20th-Century Theory It's about Time: The Compositional Techniques of Maurice Ravel
Menard, Tonya, American Music Teacher
The disciplines of piano lessons, traditional music theory and 20th-century composition are typically separated from one another. The culmination of all three in one private lesson is quite rare since, all too often, a student's repertoire and technique is challenging enough alone. How is it possible then, to approach the topic of 20th-century techniques with any consistency? In recent years, piano teachers have included more contemporary music in their studios; however, the theory within the music is often neglected. This progressive music is complicated to learn and tricky to memorize; therefore, most of the lesson and practice time is spent simply trying to prepare a piece for performance. In fact, teachers sometimes believe they barely have time to teach the fundamentals. But this approach leaves serious students with inadequate training.
Twentieth-century composers, like Maurice Ravel, have a rich array of repertoire that, when understood theoretically, is much more interesting than simply learning to play the pieces. The illumination of this composer's theoretical language could be enjoyable and motivating to pre-college students, resulting in a more competitive product in auditions for higher educational institutions. For those pianists who do not intend to major in music, musical satisfaction increases. Private music teachers and university professors who include theoretical study of contemporary pieces (most of which are not so contemporary anymore), develop their students' appreciation and understanding of the composers' ideas. In addition, their own musicality is richer and their intellectual level rises. In this way, the techniques of 20th-century masters would be common knowledge to young students everywhere and would allow for more intensive score study and understanding in the college piano studio.
In my personal experience with the Virginia MTA, I have felt pride as my students participated in the state theory testing. Its high standard has kept them in a constant state of progression. The vigilance of my local and state organizations to foster improvement in theory and other areas made me feel secure in our ongoing progressiveness. Although I began this project with the knowledge that VMTA did not include 20th-century techniques in its 13 levels of testing (primer through level 12), subsequent discussions have prompted a resolution to add them into the theory syllabus.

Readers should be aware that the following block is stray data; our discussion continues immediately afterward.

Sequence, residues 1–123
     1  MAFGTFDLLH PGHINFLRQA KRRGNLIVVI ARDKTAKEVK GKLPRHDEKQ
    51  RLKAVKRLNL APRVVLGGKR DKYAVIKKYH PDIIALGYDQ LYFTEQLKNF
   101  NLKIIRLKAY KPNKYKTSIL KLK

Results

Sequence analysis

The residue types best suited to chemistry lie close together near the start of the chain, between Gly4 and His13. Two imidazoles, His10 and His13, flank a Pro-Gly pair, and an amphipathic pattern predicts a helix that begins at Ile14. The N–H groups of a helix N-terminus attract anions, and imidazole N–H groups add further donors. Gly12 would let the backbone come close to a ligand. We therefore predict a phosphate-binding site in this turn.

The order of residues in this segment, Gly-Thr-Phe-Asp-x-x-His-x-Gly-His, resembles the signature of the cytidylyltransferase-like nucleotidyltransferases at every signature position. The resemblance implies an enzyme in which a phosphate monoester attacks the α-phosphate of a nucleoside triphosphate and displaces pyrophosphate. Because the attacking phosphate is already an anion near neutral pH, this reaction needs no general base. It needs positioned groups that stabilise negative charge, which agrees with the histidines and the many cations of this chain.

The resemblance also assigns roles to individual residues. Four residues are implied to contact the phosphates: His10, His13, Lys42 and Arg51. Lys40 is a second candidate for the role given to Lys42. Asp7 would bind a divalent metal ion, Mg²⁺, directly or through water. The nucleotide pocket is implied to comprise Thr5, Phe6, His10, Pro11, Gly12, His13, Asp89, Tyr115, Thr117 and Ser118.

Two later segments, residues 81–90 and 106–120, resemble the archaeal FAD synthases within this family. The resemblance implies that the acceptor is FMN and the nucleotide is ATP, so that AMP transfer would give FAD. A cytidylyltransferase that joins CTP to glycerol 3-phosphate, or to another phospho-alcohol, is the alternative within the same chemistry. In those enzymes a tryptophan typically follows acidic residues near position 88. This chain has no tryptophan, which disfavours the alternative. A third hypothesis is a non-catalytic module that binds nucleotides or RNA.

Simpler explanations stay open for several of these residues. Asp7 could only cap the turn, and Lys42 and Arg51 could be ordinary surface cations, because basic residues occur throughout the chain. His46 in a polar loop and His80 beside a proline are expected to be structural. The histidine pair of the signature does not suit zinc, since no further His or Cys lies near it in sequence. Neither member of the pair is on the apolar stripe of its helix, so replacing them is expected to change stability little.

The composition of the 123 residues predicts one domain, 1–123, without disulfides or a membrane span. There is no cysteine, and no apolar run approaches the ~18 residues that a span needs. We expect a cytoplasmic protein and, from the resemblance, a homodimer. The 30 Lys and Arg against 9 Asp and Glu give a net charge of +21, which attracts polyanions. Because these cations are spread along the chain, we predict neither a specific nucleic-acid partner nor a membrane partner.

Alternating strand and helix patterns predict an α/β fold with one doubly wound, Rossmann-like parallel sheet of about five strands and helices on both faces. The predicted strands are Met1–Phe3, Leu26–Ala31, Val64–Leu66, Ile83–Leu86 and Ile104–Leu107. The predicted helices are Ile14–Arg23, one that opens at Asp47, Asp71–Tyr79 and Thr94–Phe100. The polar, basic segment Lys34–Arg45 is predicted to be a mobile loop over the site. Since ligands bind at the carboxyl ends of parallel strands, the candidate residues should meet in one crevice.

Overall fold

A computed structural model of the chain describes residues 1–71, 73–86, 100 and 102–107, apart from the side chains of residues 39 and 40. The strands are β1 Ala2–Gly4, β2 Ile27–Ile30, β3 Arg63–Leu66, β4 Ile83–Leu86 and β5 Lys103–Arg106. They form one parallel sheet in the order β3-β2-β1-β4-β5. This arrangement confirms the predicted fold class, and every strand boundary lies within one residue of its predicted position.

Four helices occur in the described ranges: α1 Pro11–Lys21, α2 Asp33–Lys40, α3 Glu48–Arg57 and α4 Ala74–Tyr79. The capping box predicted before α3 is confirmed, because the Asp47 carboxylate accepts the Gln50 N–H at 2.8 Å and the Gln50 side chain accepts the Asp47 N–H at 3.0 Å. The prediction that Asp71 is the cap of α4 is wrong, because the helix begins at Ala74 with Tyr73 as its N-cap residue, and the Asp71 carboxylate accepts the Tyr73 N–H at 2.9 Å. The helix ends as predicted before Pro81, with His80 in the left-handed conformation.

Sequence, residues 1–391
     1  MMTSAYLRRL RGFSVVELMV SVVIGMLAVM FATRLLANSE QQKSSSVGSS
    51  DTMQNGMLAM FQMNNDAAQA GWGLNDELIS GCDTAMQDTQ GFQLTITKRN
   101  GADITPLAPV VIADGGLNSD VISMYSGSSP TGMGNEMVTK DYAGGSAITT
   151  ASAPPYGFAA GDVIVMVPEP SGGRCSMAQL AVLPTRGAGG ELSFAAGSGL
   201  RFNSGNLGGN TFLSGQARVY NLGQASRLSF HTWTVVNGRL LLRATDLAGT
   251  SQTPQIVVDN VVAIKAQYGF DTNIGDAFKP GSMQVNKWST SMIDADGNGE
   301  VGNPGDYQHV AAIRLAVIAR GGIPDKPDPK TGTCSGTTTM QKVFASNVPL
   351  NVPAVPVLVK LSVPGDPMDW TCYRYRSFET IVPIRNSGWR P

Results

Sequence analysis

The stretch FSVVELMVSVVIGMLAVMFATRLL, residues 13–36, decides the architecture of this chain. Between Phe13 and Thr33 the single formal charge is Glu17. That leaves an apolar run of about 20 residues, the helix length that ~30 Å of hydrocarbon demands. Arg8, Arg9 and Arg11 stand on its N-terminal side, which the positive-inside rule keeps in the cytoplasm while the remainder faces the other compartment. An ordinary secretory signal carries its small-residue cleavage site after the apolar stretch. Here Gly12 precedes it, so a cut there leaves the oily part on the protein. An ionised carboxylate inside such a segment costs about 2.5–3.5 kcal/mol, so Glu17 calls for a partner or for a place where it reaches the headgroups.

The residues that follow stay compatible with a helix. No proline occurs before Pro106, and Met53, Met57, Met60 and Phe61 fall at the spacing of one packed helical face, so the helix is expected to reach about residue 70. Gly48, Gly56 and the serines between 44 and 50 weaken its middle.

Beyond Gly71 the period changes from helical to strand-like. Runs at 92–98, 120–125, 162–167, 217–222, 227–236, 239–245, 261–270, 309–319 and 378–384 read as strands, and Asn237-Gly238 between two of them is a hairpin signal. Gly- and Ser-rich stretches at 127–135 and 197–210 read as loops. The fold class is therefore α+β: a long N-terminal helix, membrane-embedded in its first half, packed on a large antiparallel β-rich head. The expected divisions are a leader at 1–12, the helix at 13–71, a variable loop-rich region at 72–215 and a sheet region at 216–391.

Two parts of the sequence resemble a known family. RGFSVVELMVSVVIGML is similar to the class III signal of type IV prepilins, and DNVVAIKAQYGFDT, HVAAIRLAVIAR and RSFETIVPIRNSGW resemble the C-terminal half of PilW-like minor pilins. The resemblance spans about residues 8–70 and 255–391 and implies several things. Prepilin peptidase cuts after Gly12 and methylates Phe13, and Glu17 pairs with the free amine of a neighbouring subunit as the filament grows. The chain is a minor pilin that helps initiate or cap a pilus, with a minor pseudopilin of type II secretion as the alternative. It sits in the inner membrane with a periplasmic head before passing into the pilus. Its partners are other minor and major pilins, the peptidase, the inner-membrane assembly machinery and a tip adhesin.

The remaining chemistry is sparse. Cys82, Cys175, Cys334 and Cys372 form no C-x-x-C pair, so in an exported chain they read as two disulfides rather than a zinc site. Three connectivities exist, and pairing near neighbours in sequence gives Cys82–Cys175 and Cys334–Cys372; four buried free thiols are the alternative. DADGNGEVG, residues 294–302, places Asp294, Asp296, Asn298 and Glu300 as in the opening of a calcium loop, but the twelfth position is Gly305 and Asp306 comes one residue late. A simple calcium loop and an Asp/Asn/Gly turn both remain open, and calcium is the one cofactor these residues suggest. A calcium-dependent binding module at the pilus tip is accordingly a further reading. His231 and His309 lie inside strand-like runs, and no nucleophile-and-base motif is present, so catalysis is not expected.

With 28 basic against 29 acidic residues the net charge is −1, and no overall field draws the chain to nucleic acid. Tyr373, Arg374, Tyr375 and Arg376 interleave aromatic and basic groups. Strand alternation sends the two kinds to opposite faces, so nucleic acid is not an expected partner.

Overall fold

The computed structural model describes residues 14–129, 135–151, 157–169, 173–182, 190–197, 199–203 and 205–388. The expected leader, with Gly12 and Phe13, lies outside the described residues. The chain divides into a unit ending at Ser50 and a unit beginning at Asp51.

In my research, I conducted a survey in 2011-2012 of MTNA state affiliates that participate in regulated theory testing for pre-college private students. Of the 50 states, 33 responded stating they do have some type of leveled testing. Only six states (New Hampshire, Texas, Tennessee, California, Illinois and Kansas) include the past century's techniques in their tests, and most of those are quite limited. The following chart shows the type of content each of the six states includes:
PARTICIPATING 20th-CENTURY THEORETICAL CONCEPTS STATE EXAMS INCLUDED IN STATE THEORY New Hampshire Definitions: Level 6 Texas Bitonality: Level 11 Tennessee Terms and Composers in Music History Portion of Exams: Level 7 + 8 California Styles, Scales, Rhythmic and Harmonic Elements, Percussive Elements, Textures, Listening Skills, Serialism, and Composers: Level 8 and up Illinois Rhythmic and Harmonic Elements: Level 10 and up Kansas Styles, Scales, Rhythmic and Harmonic Elements, Textures: Level 7 and up
Some of Ravel's compositional techniques appear in the tests above, while others, such as contrametrics and pitch counting, are nowhere in the mix. To the credit of the states' exams, they do include concepts not discussed here (polyrhythms, atonality, 12 tone/tone row and avant-garde). Virginia is actually contemplating the addition of prepared piano as well. All of these suggested terms are teachable concepts that can be addressed in both private and group lessons alike. …